Answer: Mosquitoes tend to become active when the outdoor temperature reaches 40 degrees or higher marking the beginning of the mosquito season. At this time, you should start operating your mosquito trap. Generally when temperatures drop below 40 degrees, mosquitoes go into hibernation for winter marking the end of the mosquito season. At this time, you can turn off your mosquito trap. It is best to get your mosquito trap set up and running at the first sign of mosquitoes. Doing so will trap and kill the early mosquitos and dramatically reduce the mosquito population before they've had a chance to breed.
Answer: Yes. Mosquito traps will also trap all types of midges, mosquitos, gnats and other biting insects that are attracted to humans and animals.
- Answer: Bug bags and bug trays on mosquito traps should be emptied when they are half-full or after 30 days of operation.
Answer: When clean burning propane is processed through a catalytic combustion system you get warm CO2 and moisture. The mosquito trap produces CO2 to mimic a human or animal host using these variables as attractants. Also, certain mosquito trap models use the heat from this process to create electricity so you don t need batteries or power cords.
Answer: A full 20lb tank should last approximately 21 days to 30 days depending on the model of mosquito trap. It's a good idea to have a second full tank on-hand to swap to reduce downtime.
Answer: You should always purge your propane tank because new, previously unfilled, propane tanks can contain air, which will rise to the top when the tank is filled. This air may prevent propane operated mosquito traps from starting until purged. When purchasing a new tank ask your propane dealer to purge the tank.
Answer: The amount of carbon dioxide released by the trap is very small relative to other equipment. In fact, the amount of CO2 released is about the same as that from an adult human over the same period of time.
Answer: Octenol is a secondary attractant that simulates human breath. When used in mosquito traps such as the SkeeterVac and Mosquito Magnet trap models, it attracts most mosquito species including salt marsh and no-see-ums. Octenol should be used in mosquito traps along the coast and in the Northern region of the US.
Answer: Lurex is a secondary attractant that mimics skin emanations. When used in mosquito traps like the SkeeterVac and Mosquito Magnet mosquito trap models, it attracts hard to catch, aggressive day-biters such as the Asian Tiger Mosquito. Lurex should be used in mosquito traps in the southern and southeastern regions of the US.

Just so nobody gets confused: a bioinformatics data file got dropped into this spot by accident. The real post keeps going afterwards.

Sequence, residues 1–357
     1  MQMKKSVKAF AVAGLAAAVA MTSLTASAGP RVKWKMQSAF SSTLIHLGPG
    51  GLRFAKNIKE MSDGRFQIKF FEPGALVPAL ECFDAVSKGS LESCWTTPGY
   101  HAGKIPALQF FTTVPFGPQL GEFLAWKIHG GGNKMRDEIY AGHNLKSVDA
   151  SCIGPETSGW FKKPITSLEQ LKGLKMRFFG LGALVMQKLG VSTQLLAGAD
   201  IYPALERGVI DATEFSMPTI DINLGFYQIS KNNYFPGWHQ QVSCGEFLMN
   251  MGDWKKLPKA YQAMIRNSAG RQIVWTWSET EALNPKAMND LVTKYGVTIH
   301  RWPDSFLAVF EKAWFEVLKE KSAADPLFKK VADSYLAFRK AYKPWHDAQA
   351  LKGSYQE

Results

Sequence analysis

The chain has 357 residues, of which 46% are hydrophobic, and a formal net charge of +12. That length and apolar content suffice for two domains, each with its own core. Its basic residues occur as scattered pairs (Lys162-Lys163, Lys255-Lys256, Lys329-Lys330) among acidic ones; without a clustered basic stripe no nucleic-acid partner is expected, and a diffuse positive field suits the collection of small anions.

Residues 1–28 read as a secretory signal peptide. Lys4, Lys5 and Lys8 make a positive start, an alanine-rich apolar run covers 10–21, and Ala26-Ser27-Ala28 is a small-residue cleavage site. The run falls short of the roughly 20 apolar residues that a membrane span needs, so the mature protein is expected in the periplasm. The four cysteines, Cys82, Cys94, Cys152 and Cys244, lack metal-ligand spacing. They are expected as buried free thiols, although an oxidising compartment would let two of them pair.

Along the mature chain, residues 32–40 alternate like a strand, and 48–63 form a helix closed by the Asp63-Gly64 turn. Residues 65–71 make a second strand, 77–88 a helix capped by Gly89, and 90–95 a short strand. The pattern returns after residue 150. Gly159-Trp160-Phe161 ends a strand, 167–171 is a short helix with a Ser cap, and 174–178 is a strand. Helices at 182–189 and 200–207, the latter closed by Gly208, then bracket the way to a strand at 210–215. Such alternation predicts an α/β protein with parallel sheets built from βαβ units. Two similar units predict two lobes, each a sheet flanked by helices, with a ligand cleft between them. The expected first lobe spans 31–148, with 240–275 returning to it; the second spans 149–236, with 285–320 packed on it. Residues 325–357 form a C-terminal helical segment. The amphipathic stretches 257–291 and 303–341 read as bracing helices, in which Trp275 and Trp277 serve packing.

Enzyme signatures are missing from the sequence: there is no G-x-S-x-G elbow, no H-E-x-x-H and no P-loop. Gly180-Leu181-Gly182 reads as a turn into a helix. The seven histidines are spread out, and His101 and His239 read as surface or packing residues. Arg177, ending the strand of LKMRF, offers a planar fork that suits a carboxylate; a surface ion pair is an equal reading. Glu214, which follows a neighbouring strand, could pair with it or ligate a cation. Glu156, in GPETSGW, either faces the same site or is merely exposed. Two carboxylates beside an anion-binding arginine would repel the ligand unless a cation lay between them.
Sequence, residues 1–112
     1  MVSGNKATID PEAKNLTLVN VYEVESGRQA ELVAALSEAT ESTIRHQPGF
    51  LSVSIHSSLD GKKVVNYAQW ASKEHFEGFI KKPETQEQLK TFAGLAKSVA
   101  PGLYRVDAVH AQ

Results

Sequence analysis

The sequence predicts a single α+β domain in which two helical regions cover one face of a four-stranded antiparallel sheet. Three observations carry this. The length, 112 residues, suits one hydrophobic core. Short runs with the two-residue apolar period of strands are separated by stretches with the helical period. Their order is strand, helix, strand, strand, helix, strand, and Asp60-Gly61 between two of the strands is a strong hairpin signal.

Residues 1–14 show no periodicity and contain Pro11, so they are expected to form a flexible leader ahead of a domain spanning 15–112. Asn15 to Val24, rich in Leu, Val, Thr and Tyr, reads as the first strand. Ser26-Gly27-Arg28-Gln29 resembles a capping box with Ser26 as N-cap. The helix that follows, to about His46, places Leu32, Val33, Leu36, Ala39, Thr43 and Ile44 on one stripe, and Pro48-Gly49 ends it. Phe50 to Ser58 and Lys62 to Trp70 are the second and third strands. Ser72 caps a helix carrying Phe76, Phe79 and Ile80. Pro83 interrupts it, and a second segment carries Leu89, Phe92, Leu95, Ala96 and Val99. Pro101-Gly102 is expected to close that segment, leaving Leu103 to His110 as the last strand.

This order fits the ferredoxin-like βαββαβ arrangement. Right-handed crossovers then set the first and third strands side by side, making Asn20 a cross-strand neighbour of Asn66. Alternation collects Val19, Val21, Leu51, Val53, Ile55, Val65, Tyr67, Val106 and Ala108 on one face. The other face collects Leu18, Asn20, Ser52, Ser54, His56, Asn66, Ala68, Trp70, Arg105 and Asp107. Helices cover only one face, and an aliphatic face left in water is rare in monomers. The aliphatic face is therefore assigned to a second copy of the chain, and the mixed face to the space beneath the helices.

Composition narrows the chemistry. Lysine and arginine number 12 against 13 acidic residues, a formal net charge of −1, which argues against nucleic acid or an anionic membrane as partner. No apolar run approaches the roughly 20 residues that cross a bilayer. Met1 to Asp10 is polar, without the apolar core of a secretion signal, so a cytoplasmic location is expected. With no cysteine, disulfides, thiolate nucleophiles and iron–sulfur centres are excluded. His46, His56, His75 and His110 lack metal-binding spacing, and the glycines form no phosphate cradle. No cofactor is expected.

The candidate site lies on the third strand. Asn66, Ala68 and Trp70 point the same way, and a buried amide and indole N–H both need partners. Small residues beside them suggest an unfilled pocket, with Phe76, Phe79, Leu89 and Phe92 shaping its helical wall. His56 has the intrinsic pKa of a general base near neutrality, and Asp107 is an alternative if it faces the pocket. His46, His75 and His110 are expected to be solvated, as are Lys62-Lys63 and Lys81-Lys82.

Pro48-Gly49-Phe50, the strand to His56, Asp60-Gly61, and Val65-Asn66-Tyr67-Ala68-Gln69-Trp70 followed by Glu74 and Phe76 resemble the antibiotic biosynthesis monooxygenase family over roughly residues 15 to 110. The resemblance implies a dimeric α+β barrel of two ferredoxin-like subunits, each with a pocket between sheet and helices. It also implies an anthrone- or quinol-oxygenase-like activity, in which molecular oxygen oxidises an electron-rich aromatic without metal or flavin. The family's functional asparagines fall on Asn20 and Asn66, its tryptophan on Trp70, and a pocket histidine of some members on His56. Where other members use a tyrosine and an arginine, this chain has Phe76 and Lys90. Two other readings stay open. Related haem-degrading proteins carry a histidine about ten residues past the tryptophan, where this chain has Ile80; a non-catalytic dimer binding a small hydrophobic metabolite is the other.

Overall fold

Answer: Most mosquito traps like the Skeeter Vac and Mosquito Magnet mosquito trap models can use both Octenol and Lurex. Both secondary attractants are very effective. However, they attract different species of mosquitoes. Octenol should be used to attract most mosquito species like the Northern House Mosquito and other flying insect like black flies, gnats, and no-see-ums. Lurex is the most effective attractant when targeting the Asian Tiger Mosquito.
Answer: Mosquito traps use warm CO2, Lurex, Octenol, and other secondary attractants to simulate human breath, sweat, and moisture to draw female mosquitoes toward it, where they are typically sucked into a net or holder by an electric fan and or stuck to a sticky trap where they dehydrate and die. The AllClear Mosquito Mister is a backyard mosquito misting system that doesn't trap mosquitoes but repels and kills the mosquito population instead. The AllClear Mister uses a variety of concentrates to repels them for two, four, or six hour increments.
Answer: Modern mosquito control strategies emphasize an integrated approach, based upon a profound knowledge of the target, so that s its various vulnerabilities can be exploited by the many tools we ve developed for that purpose. Effective mosquito control can be achieved using the AllClear Mister or other mosquito misting systems. For total mosquito control consider using a mosquito trap like the SkeeterVac or Mosquito Magnet 40 to 50 feet away from your outdoor living area and set up the AllClear Mister closer to you to keep mosquitoes under control.
Answer: While bug zappers do attract and kill some mosquitoes, they actually are more likely to attract midges and harmless, aquatic insects from nearby bodies of water. Most species of mosquitoes are not attracted to ultraviolet light, and certain species of mosquitoes only bite during the day. Bug zappers are not effective in reducing biting flies, exact a heavy toll on non-target insects and are counterproductive to consumers and the ecosystem.
Answer: The most common reason your mosquito trap won't start in the spring is most likely due to spiders, bugs, wasps, or other insect crawling into your trap while not in use and building a nest or web thereby clogging the system. Always put your mosquito trap away when not in use and wrap a plastic garbage bag tightly around the trap head to keep unwanted insect out. Another problem is the flame blowing out. The orifice that supplies gas to these mosquito traps is very tiny and over time can accumulate enough residue to clog sufficiently to start going out. With a little know-how and a few simple tools the orifice can be removed and cleaned with acetone or alcohol.
Answer: Condensation on the outside of the mosquito trap is perfectly normal and may occur on very humid days. The drips you see on the outside is simply water vapor. This is a byproduct of the catalytic conversion of propane and oxygen to carbon dioxide and water vapor and is caused by atmospheric temperature differentials. This will not impede the operation of your unit in any way.
We hope this article of mosquito trap frequently asked questions will help you in all of your mosquito control efforts this mosquito season.